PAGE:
BMA appoints Paula Hayes to be its first-ever landscape artist-in-residence

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The Levi Sculpture Garden at the Baltimore Museum of Art. Photo courtesy of the museum.

Artist Paula Hayes will soon be reimagining the 7.5 acres of idyllic Wyman Park grounds that house the Baltimore Museum of Art.

The museum announced Hayes as its first-ever landscape artist-in-residence today. Her grand assignment is to “develop the overall creative direction of the museum’s physical environment for the next two years, reengaging audiences with the institution’s landscape through her fresh vision,” according to a release.

Hayes, who lives in upstate New York, is known for her blown-glass terrariums, interactive gardens and innovative sculptures. She’s exhibited her botanical sculpture in the lobby of New York’s Museum of Modern Art, placed illuminated orbs in Madison Square Park and done private, imaginative landscaping for gallerists, collectors and others.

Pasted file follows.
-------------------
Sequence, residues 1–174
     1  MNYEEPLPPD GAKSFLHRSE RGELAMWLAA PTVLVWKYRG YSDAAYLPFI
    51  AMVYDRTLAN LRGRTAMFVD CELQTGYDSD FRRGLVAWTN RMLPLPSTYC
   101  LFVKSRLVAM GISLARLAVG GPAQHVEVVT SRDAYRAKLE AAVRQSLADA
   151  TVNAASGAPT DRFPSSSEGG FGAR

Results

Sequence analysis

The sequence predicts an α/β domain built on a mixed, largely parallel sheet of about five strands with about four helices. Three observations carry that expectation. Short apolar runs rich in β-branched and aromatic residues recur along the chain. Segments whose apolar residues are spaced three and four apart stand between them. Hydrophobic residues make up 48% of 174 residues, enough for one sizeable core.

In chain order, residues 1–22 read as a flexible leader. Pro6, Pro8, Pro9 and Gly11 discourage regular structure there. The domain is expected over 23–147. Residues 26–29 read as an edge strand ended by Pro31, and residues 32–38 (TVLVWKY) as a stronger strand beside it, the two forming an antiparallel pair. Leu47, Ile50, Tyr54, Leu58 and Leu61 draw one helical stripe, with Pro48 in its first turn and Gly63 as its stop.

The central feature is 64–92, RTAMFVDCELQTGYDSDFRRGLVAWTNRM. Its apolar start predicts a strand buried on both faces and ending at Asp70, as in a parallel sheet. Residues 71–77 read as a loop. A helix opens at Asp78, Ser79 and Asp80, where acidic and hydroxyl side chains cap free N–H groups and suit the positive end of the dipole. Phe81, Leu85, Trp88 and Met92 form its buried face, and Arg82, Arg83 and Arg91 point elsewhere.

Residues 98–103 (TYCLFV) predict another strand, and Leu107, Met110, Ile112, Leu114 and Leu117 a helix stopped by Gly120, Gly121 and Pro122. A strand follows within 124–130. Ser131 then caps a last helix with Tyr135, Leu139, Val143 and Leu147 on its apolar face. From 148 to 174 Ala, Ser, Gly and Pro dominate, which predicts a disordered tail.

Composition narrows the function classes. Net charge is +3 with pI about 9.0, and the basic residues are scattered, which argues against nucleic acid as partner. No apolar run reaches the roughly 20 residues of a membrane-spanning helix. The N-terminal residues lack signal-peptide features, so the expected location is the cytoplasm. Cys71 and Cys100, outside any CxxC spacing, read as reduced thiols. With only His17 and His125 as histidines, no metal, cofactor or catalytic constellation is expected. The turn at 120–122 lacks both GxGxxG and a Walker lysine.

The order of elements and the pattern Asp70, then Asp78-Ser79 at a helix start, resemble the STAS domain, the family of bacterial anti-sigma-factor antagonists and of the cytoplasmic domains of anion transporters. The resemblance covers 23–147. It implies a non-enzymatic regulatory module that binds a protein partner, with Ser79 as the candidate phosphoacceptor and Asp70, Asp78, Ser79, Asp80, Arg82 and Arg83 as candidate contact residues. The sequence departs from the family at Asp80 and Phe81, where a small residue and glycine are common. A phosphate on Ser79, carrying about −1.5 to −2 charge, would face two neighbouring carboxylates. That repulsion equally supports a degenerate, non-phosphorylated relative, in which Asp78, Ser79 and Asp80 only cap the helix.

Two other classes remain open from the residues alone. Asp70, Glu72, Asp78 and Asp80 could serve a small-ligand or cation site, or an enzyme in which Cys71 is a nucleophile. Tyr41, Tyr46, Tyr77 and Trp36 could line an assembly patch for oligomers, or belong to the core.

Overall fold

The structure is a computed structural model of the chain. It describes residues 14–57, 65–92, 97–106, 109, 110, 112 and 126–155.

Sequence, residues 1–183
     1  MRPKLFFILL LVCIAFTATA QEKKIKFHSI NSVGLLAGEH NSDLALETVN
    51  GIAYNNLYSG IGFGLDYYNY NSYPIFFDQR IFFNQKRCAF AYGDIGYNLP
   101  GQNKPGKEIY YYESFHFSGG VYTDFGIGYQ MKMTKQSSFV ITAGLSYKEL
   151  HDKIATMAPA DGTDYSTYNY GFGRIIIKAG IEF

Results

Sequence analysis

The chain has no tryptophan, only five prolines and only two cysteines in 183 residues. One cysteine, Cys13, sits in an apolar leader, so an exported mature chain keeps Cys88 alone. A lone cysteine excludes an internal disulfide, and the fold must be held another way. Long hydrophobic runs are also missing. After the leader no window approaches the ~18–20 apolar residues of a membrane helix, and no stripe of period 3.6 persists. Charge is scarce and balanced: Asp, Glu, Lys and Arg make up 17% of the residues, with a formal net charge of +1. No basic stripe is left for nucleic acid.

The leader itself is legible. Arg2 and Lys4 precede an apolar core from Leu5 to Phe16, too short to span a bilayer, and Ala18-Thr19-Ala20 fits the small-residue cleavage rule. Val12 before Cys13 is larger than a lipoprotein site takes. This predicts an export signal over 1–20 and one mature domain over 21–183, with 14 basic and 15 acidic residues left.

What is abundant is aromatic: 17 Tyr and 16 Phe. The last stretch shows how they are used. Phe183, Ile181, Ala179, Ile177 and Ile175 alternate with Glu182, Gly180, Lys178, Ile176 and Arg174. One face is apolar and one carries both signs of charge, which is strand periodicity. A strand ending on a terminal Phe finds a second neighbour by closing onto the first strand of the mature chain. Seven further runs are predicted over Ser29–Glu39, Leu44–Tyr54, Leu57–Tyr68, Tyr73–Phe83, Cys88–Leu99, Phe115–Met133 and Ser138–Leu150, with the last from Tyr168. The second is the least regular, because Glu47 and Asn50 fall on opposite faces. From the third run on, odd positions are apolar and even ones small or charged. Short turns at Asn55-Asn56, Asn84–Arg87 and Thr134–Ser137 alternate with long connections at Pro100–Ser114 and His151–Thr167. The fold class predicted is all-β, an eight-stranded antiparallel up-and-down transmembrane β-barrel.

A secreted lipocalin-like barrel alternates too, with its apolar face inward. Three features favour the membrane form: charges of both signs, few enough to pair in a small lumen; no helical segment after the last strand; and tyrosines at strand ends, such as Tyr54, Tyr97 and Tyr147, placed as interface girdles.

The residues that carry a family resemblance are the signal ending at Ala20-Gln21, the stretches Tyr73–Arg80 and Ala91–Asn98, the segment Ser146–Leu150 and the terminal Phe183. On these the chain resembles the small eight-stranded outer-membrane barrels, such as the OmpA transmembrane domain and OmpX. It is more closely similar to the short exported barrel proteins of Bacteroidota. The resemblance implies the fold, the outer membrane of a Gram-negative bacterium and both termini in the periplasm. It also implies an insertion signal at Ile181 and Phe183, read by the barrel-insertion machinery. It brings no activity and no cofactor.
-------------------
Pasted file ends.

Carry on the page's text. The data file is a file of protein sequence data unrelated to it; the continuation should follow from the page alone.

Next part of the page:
“All are drawn to Hayes knowing that the landscape she creates will be unlike any other,” wrote Carol Kino in a profile of Hayes for The Wall Street Journal Magazine in 2015, “because of her fluency with different styles and her individuated approach to each project…The unifying theme is her penchant for mixing the industrial and the pastoral.”

The relaxing affect of her work will soon be felt by BMA visitors who venture away into the museum’s sculpture gardens and open lawn.

“Throughout my career I have worked with a mix of public and private spaces, but working with an institution like the BMA is a new endeavor for me,” Hayes said in a statement from the museum. “I am honored to have the chance to help shape the natural environment of such a prized community landmark and I look forward to collaborating on the vision for its renewed ecosystem.”

Hayes will start in her new position this spring, according to a spokeswoman for the BMA.

The museum opened its first sculpture garden, named after Janet and Alan Wurtzburger and designed by George E. Patton, in 1980, and its second adjacent one, named for Ryda and Robert H. Levi and designed by Sasaki Associates, in 1988. The two areas cover nearly three acres of the museum’s campus and include 33 works of sculpture.

Ethan McLeod
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